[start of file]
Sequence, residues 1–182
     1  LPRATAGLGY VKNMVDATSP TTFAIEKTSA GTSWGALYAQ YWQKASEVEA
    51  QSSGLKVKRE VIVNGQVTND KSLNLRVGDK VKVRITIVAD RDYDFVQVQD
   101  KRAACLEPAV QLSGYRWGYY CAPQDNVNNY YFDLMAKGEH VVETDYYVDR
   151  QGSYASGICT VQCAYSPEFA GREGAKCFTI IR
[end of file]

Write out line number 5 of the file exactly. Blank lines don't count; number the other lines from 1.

   151  QGSYASGICT VQCAYSPEFA GREGAKCFTI IR